Women Don’t Owe You Pretty is the debut book of feminist writer Florence Given. Her new bestseller encourages readers to dump the men in their life who expect the world from them and offer back nothing in return. Can’t argue with that. It’s a beautiful and encouraging read that, crucially, acknowledges the great debt owed to the earlier work of queer, trans, non-binary and BIPOC writers. The book’s bright illustrations, familiar to those who follow Given’s Instagram artwork, make it bold, fun and accessible to the casual reader and the feminist theory enthusiast alike.
Although I’m now happily settled on the ‘wrong side of twenty-five’, with most of the book’s dating advice already learned through experience (for better or worse), the content did still lead me to reflect in new ways on my true motives in relationships. However, instead of romantic connections, I’ve been pondering my purely banterous ones. Ms Given is correct, women don’t owe you pretty, and I’d like to add to this wise tenet that women don’t owe you witty either.
In Lysistrata, a play by the ancient Greek comic playwright Aristophanes, Greece is at war, and the wives of the generals on both sides decide to hold a sex strike until their sparring husbands reach an agreement. Similarly, I’ve started withholding jokes in social contexts that don’t serve me. Of course, this new rule does not apply when I’m literally booked to do stand-up, but instead, comes into play in the everyday situations where my potential audience isn’t vibing with my gender, politics, and/or my general existence.
My previous policy was to keep on wisecracking regardless, numbing myself with pints of overpriced lager to the pain of repeatedly dying on my ass, before resigning myself to an emotional hangover spent scrolling LinkedIn for an ill-matched new career in finance. And so, my radical feminist intervention was to just…stop doing that.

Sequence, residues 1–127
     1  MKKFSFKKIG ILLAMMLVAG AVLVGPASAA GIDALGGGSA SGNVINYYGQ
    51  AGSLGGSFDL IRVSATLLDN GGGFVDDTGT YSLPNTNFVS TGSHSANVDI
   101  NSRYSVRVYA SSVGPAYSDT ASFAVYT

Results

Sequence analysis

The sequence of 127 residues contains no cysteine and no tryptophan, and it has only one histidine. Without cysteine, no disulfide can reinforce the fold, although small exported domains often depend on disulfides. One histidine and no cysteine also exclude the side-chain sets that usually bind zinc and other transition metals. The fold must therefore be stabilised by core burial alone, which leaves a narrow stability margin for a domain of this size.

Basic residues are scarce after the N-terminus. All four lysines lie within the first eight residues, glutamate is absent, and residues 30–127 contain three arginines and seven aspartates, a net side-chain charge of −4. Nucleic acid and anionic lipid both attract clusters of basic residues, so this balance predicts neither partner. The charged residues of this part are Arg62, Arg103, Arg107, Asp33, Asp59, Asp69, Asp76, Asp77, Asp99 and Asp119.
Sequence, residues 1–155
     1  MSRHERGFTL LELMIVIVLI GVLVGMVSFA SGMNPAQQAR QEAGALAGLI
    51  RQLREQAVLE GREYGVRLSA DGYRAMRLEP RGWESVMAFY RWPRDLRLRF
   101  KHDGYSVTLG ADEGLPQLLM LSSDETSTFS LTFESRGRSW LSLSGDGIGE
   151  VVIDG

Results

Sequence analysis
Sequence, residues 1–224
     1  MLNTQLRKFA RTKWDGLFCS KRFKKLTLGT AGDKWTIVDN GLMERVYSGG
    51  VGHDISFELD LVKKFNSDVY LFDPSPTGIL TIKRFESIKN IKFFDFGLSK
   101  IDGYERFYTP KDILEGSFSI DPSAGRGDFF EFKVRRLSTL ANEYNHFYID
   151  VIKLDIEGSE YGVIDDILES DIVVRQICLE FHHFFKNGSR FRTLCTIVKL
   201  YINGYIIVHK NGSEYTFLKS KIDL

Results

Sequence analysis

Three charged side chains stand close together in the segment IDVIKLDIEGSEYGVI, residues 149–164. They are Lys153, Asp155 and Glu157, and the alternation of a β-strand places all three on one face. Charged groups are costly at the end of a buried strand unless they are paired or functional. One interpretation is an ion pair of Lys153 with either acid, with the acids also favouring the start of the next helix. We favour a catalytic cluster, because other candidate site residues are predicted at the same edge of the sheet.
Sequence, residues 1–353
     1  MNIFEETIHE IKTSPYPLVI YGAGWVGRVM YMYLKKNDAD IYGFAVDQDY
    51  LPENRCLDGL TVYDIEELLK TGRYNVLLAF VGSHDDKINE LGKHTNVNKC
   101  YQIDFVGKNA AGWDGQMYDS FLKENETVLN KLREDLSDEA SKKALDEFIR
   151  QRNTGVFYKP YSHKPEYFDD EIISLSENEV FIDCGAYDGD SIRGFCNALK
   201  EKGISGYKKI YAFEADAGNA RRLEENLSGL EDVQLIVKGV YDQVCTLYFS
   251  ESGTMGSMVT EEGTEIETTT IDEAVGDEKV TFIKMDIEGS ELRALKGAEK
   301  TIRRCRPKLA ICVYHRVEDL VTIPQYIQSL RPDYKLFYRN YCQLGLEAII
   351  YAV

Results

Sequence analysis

We tell jokes to make ourselves and our friends feel good, so why is it so tempting to waste time trying to entertain people who are never going to enjoy the simple pleasure of our company, let alone the ecstatic pleasure of our zingers? It’s a zero-sum game that is rigged for us ladies to lose over and over and over again. Like online Bingo. And the solution seems simple – don’t play.
But – much like how the Greek women of Lysistrata felt about their sex strike – I don’t want it to be this way! I am an adult and, when I’m in the mood, I love getting laughed at, hard. I love it so much I’ll do it with a room full of strangers whenever the occasion arises. I fantasise about it during the workday. I’m insatiable – just DM me a time and a location. Another big problem is that I don’t foresee any ‘peace’ at the end of my one-woman humour strike either, as me being not funny is exactly what the offending parties want. And so, inevitably, the house wins again.
For every one of us who drops out of a gig, there will be ten men named Dan waiting to take our spot so they can give an exciting new angle on a story about wanking.
So please, funny womxn and femmes and non-binary friends, don’t feel bad about protecting your energy where you have to, but never think that it’s you who has to change. Read the book, or not. Join my humour strike, or don’t. You do you. You don’t owe me anything either.
Florence Given: Women Don’t Owe You Pretty is available to buy now!